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Ohio BMVs still rejecting valid Puerto Rican Birth Certificates

But are now accepting other forms of identification, according to Clevelands Legal Aid Society

By Ingrid Marie Rivera, La Prensa Correspondent

Jos Pagn, of Cleveland, was trying to enroll in a local school to acquire his GED.  But when he tried to receive a state-issued Ohio identification card, his old Puerto Rican birth certificate was rejected by the local Bureau of Motor Vehicles office.

Pagn perhaps fared better than other Puerto Ricans in Ohio however.

He contacted the Legal Aid Society of Cleveland, and within two weeks of the rejection, he was able to give an alternative document to the BMV to finally receive his ID.

Although the government of Puerto Rico extended the validity of older Puerto Rican birth certificates until Sept. 30, 2010, Ohio BMVs have been rejecting them as valid forms of identification since April, causing frustration for many Puerto Ricans, an outcry among civil rights groups, and a local group to consider taking legal action against Ohio BMVs.

Agustin Ponce de Len, attorney of the Legal Aid Society of Cleveland, said they are still considering taking legal action against Ohio BMVs but wants Ohios Puerto Rican residents to know the progress made.

He said the Ohio BMVs are working on a case-by-case basis and accepting other forms of documents for those with older Puerto Rican birth certificates, though he added he does not know what those alternative documents are.

Puerto Rico passed a law earlier this year requiring all birth certificates issued prior to July 1, 2010 to be reissued as they will no longer be valid, in order to combat fraud and identify theft.

The law change came after the U.S. State Department informed the islands leaders last year that 40 percent of 8,000 recent cases of passport fraud involved Puerto Rican birth certificates.

We want Ohio residents to know that if they are having problems, if their BMV office will not accept other forms of identification or other documents to contact our hotline, Ponce de Len said. The hotline is in both English and Spanish, at (888) 817-3777.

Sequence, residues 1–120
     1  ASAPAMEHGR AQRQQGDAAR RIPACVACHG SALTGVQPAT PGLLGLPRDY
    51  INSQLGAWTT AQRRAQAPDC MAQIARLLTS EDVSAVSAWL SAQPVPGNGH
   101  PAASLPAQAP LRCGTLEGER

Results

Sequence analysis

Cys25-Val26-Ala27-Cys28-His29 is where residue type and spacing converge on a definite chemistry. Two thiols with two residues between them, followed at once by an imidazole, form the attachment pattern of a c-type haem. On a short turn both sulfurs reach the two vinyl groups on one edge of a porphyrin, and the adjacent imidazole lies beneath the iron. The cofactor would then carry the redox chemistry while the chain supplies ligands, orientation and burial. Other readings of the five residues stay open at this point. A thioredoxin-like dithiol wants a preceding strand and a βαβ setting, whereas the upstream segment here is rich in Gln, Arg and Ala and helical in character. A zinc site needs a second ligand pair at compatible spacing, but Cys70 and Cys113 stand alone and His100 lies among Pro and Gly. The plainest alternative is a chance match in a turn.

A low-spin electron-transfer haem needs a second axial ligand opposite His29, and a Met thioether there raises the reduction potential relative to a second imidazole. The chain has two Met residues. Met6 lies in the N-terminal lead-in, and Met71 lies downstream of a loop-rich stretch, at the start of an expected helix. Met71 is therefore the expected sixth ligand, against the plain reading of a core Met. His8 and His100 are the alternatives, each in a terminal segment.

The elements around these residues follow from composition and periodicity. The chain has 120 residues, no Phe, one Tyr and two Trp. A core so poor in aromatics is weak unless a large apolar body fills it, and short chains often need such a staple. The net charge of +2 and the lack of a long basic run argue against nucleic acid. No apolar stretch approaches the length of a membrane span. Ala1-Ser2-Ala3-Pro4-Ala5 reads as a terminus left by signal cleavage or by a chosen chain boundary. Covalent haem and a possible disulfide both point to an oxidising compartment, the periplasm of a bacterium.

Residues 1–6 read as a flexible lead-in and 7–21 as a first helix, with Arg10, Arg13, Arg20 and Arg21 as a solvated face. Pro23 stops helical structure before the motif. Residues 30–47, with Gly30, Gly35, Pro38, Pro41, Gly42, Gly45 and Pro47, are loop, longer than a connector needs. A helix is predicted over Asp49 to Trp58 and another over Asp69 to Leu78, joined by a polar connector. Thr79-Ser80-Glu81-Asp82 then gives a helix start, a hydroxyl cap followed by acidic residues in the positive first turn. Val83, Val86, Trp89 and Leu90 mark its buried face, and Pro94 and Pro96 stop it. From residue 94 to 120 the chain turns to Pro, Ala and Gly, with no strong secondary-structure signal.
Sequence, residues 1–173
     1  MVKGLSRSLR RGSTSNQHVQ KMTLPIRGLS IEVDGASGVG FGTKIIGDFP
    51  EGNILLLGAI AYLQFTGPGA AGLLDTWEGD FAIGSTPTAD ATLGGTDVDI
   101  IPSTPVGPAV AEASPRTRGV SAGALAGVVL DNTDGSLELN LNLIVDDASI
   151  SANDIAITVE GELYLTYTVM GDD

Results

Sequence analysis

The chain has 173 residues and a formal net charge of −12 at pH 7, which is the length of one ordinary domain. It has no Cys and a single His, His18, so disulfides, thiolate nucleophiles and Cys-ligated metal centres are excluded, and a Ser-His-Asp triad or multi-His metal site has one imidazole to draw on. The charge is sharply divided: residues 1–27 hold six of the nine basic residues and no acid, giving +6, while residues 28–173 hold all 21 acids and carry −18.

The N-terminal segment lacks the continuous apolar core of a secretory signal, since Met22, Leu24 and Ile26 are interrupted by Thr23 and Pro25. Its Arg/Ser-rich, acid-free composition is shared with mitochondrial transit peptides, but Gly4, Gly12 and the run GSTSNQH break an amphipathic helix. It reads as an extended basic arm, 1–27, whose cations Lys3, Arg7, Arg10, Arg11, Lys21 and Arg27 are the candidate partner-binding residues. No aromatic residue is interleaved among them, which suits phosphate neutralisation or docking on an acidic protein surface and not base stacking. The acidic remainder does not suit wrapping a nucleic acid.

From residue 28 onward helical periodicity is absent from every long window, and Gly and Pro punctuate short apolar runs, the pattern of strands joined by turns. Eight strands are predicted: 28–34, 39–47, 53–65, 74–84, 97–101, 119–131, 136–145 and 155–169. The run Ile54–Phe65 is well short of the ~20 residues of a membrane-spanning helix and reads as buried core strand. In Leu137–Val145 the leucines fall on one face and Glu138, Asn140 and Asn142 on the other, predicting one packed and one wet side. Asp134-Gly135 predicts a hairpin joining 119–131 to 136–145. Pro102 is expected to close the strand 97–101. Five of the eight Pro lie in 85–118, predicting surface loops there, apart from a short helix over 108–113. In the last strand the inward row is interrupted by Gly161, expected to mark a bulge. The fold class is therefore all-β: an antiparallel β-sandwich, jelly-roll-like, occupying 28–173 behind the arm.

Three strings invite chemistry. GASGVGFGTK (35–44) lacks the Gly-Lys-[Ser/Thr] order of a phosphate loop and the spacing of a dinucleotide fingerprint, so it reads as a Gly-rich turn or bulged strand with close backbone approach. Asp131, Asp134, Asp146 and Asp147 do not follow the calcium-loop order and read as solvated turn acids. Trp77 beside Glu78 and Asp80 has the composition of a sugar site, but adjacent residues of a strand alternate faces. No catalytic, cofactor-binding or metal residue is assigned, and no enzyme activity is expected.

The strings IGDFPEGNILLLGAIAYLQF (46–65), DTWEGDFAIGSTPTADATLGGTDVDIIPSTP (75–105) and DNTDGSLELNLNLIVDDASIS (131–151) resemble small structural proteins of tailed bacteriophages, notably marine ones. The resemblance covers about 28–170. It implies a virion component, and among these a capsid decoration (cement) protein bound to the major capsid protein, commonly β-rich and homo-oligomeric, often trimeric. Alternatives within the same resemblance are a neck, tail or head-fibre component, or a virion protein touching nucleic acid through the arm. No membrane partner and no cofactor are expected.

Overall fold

He said although their hotline has received only a few calls each day, he suspects there could be more Puerto Ricans affected. There are roughly 4 million Puerto Ricans in the continental United States that will eventually need an updated birth certificate. Many whove applied have been waiting for six weeks or more to receive their new certificates.

He added those affected go beyond those in need of acquiring a drivers license; the need for a new birth certificate and new ID could also apply to those seeking public housing benefits, opening up a bank account as well as attending school.

The American Civil Liberties Union of Ohio (ACLU), Hispanic Alliance, and the League of United Latin American Citizens Ohio (LULAC) called on Ohio Governor Ted Strickland to urge the Bureau of Motor Vehicles to accept all valid forms of identification from those who wish to acquire an ID, including birth certificates issued before July 1, 2010 until the new deadline Sept. 30, 2010.

Unlike other states, Ohio has continued to reject them. One deputy at the Lorain Bureau of Motor Vehicles said the extension does not apply to them. Ponce de Len said it should apply but to the very least other documents or forms of identification should be accepted.

A state-issued ID is vital for people to access important social services, employment, voting and travel throughout the country, said Hispanic Alliance Director Carlos Chinchilla.

Ponce de Len also recommends Puerto Ricans in need of a new birth certificate to do so by purchasing one at vital chek.com, instead of the Puerto Rican government website. Vital Chek, though more costly, may be faster, he said.

LULAC Ohio State Director Jason Riveiro added: It is fundamentally unfair to treat one group of citizens differently than another. The BMV has left many citizens around the state in limbo, as they must wait weeks or months before the Puerto Rican government can issue them a new birth certificate. Many people do not have other acceptable forms of ID other than their birth certificate, and were given little or no warning by the BMV that they would not accept their documents.

To request a new birth certificate, visit www.prfaa.com/birthcertificates/, or visit http://www.salud.gov.pr , send $5 and a self-addressed stamped envelope, and a copy of a valid ID.

Contact Vital Chek at http://www.vitalchek.com /

Contact The Legal Aid Society of Cleveland at (216) 687-1900, 1223 West Sixth Street, Cleveland, and online at http://www.lasclev.org/


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